There are plenty of good reasons why marketers divide customers into easily-identifiable groups: lackluster sales in a coveted demographic, for instance, can inform changes to a marketing strategy but, as society evolves, there may be more valuable to removing the walls that have traditionally been built between market segments, according to Michael Solomon, professor of marketing at Saint Joseph’s University and author of Marketers, Tear Down These Walls!: Liberating the Postmodern Consumer.
Tips to marketers in today’s economy
“Age” is a social construct. While much has been made of Millennials and Gen Z and exactly how marketers should court them, lines between generations are blurring. Older consumers are living more vibrant lives and feel younger than their numerical age would suggest. Meanwhile, the transition from childhood to adolescence has broadened into a new category — “tweens” — that requires a different selling approach than the groups on either side. “Even the wall between parents and their kids is coming down,” Solomon observes. “Many young consumers report that their parents are their best friends! Quite a switch from ‘never trust anyone over 30.’”
Consumers today tend to “buy by committee.” Where a customer’s journey to a purchase used to be fairly linear — identify a need, find several options and choose the best — it is now more complicated. Solomon notes that “our connections to ‘friends’ via social media is giving rise to a hive mind, where even the simplest decisions get made only after consultation with our networks.” And, consumers do a lot more research before they actually buy something – and often have already decided by the time they enter the store (online or offline). For this reason, it’s important for brands to connect with their customer at multiple times and on multiple levels.
There is no “offline” life anymore. Companies must understand specifically how their audience interacts online because most people make no distinction between their lives on and off the Internet. Websites and social media personalities are as important to a company as storefronts and customer service employees. Solomon notes, “We’ve moved from ‘You are what you buy’ to ‘You are what you post.’”
Authenticity is king. The distinction between producer and consumer is largely obsolete. From social media “nano-stars” to do-it-yourselfers and the rise of artisan products, people crave products and brands with a long history and a believable story with which they can identify. “Today, everyday consumers are art directors, artisans, merchants, and even taxi drivers and hoteliers,” Solomon notes. “People want to be involved in the production as well as in the consumption of what they use.”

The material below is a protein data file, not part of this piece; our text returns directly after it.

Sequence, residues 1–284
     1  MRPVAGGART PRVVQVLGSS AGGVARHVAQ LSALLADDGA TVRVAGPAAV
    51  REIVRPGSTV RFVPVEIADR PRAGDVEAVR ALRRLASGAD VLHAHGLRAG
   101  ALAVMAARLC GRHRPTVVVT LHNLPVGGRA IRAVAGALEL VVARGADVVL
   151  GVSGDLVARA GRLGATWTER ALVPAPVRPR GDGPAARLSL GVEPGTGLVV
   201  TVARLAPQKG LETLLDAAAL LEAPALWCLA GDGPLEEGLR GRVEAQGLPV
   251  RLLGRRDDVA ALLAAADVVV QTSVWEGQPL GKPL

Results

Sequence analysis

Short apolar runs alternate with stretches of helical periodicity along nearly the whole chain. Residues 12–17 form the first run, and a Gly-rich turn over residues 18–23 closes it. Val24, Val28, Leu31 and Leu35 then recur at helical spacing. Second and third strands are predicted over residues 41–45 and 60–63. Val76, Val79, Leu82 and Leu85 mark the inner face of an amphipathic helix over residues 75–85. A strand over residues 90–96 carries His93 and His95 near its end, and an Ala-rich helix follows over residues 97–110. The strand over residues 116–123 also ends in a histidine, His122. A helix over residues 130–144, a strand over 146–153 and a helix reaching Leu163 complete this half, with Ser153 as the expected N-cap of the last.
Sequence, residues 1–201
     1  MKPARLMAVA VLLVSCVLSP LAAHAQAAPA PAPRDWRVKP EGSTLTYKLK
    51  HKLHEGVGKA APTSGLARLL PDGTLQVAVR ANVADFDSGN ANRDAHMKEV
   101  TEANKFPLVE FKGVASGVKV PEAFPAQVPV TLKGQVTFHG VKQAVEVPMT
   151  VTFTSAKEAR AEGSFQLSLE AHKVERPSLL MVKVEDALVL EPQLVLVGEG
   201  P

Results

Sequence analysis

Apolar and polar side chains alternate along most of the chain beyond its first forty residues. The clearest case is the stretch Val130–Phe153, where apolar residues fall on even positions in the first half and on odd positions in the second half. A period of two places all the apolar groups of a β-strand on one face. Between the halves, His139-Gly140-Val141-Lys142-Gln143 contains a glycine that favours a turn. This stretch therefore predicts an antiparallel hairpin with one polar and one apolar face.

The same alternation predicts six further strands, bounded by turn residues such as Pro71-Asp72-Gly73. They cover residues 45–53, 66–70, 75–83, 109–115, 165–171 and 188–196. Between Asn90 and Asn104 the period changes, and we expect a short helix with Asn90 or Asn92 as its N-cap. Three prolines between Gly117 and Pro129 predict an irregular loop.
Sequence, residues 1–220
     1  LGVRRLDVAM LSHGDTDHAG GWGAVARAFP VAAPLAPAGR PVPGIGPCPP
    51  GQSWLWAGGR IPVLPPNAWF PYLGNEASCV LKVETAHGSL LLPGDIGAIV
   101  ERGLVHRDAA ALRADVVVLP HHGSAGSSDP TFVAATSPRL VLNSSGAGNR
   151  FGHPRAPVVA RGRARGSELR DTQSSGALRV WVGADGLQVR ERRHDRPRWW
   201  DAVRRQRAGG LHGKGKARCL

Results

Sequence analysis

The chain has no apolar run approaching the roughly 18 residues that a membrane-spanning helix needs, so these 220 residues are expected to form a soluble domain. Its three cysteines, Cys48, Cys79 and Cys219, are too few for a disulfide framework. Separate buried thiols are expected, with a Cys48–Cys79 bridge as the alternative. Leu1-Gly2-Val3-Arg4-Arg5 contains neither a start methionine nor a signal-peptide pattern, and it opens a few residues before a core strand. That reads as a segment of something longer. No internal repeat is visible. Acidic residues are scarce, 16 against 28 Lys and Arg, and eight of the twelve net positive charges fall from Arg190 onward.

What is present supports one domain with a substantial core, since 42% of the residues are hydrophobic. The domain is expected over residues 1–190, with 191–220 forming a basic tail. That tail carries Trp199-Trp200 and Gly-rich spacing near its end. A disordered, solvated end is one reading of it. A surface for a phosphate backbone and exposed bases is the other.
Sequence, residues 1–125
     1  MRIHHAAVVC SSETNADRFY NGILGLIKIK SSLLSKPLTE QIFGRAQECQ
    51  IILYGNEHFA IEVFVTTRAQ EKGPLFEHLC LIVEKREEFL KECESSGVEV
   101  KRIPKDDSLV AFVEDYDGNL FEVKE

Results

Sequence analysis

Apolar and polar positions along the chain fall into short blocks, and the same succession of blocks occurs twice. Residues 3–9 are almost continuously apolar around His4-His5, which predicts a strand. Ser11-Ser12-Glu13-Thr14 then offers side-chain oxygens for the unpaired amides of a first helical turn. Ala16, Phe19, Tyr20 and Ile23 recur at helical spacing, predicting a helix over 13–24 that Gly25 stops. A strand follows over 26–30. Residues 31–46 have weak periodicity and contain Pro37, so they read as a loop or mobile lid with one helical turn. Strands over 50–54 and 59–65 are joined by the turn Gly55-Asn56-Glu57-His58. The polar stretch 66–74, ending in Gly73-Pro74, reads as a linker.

Embrace the “extended self.” People identify with their possessions now more than ever, to the point where there is sometimes a little distinction between the self and the stuff. Marketers need to reduce the risk that buyers feel when considering their product by offering the consumer multiple ways to picture themselves already owning the item. Whether leveraging augmented-reality technology to show what a coach would look like in a customer’s living room or create a strong “brand personality” that makes the product part of the person’s identity, eliminating the barrier between considering a product and actually having it is key. As Solomon says, “We don’t buy things because of what they do. We buy them because of what they mean.”
Opportunities lurk between the walls. Most companies tend to think in terms of traditional industry “verticals” and they only view their competition as the other brands that also operate there. Consumers, on the other hand, freely sample products across verticals and they are open to new “hybrid products” that combine the best features of multiple categories. For example, the booming “athleisure” market integrates styling from traditional athleticwear and leisurewear verticals and is a huge success story as a result. “Marketers and designers need to think horizontally across traditional categories rather than just vertically,” Solomon advises. “They can be sure their customers are.”